View Article: PubMed Central - HTML - PubMed

Affiliation: Institut Cochin, Université Paris Descartes, CNRS (UMR 8104), Paris, France. jacquot@cochin.inserm.fr

ABSTRACT

Background: HIV-1 Vpr is a dynamic protein that primarily localizes in the nucleus, but a significant fraction is concentrated at the nuclear envelope (NE), supporting an interaction between Vpr and components of the nuclear pore complex, including the nucleoporin hCG1. In the present study, we have explored the contribution of Vpr accumulation at the NE to the Vpr functions, including G2-arrest and pro-apoptotic activities, and virus replication in primary macrophages.

Results: In order to define the functional role of Vpr localization at the NE, we have characterized a set of single-point Vpr mutants, and selected two new mutants with substitutions within the first alpha-helix of the protein, Vpr-L23F and Vpr-K27M, that failed to associate with hCG1, but were still able to interact with other known relevant host partners of Vpr. In mammalian cells, these mutants failed to localize at the NE resulting in a diffuse nucleocytoplasmic distribution both in HeLa cells and in primary human monocyte-derived macrophages. Other mutants with substitutions in the first alpha-helix (Vpr-A30L and Vpr-F34I) were similarly distributed between the nucleus and cytoplasm, demonstrating that this helix contains the determinants required for localization of Vpr at the NE. All these mutations also impaired the Vpr-mediated G2-arrest of the cell cycle and the subsequent cell death induction, indicating a functional link between these activities and the Vpr accumulation at the NE. However, this localization is not sufficient, since mutations within the C-terminal basic region of Vpr (Vpr-R80A and Vpr-R90K), disrupted the G2-arrest and apoptotic activities without altering NE localization. Finally, the replication of the Vpr-L23F and Vpr-K27M hCG1-binding deficient mutant viruses was also affected in primary macrophages from some but not all donors.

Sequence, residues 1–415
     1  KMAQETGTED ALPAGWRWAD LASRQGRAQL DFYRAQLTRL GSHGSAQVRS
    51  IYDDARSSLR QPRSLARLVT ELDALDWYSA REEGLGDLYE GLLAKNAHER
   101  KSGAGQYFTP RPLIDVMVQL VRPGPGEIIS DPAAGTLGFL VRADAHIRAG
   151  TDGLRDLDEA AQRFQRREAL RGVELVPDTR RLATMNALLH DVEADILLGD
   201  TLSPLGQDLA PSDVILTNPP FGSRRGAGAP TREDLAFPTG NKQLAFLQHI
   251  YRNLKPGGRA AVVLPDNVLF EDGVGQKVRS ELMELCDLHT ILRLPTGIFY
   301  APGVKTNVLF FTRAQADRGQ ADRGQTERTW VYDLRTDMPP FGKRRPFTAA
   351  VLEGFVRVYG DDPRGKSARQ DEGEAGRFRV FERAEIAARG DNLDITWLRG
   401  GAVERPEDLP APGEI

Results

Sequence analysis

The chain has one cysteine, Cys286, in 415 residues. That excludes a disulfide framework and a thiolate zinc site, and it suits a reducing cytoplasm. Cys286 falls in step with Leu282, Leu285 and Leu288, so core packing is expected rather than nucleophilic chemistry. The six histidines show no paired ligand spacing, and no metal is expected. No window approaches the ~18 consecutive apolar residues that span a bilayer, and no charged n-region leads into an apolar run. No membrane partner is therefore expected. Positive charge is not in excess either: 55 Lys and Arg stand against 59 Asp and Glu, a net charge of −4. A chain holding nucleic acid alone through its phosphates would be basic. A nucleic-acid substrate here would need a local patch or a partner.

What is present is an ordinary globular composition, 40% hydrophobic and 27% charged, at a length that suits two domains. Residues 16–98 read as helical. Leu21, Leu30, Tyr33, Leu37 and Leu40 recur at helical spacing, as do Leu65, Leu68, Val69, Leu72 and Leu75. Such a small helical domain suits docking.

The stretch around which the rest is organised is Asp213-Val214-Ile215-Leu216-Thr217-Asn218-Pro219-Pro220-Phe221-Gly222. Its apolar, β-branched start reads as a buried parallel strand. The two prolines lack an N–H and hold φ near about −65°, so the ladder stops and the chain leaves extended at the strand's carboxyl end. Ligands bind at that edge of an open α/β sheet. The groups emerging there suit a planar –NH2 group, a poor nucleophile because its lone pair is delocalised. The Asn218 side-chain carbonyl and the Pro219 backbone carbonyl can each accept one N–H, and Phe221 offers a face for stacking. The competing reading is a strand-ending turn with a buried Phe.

Conclusion: These results indicate that the targeting of Vpr to the nuclear pore complex may constitute an early step toward Vpr-induced G2-arrest and subsequent apoptosis; they also suggest that Vpr targeting to the nuclear pore complex is not absolutely required, but can improve HIV-1 replication in macrophages.

Show MeSH
Related in: MedlinePlus